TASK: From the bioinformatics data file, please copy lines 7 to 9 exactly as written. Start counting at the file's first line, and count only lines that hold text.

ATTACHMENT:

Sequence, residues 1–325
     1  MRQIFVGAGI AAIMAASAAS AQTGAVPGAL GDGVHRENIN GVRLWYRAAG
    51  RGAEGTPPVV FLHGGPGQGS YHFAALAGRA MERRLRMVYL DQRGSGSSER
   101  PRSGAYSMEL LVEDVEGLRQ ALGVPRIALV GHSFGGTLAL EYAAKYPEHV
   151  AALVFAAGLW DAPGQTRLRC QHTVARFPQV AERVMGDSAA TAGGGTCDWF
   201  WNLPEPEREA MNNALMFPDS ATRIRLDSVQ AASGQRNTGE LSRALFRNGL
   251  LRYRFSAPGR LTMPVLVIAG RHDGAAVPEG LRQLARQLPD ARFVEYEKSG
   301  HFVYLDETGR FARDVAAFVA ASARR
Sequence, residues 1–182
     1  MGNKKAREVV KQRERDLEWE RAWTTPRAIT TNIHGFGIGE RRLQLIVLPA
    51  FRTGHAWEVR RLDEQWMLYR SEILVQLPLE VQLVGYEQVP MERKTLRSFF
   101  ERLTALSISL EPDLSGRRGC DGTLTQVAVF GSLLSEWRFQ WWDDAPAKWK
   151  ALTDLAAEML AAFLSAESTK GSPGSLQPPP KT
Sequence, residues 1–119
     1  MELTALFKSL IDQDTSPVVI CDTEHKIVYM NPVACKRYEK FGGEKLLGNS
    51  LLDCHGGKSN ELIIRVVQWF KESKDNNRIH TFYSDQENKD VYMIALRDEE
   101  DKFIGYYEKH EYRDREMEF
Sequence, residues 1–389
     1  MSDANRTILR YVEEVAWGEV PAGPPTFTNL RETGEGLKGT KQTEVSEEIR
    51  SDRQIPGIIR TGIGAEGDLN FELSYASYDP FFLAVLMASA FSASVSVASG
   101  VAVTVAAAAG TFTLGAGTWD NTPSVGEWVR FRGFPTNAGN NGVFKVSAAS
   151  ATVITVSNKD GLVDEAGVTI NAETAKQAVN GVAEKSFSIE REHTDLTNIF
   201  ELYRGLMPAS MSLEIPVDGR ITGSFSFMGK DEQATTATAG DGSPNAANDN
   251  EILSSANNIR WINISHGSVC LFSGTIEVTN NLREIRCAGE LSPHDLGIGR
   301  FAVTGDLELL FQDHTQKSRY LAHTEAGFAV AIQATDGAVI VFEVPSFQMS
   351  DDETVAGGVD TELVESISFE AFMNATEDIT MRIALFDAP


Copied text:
   251  LRYRFSAPGR LTMPVLVIAG RHDGAAVPEG LRQLARQLPD ARFVEYEKSG
   301  HFVYLDETGR FARDVAAFVA ASARR
Sequence, residues 1–182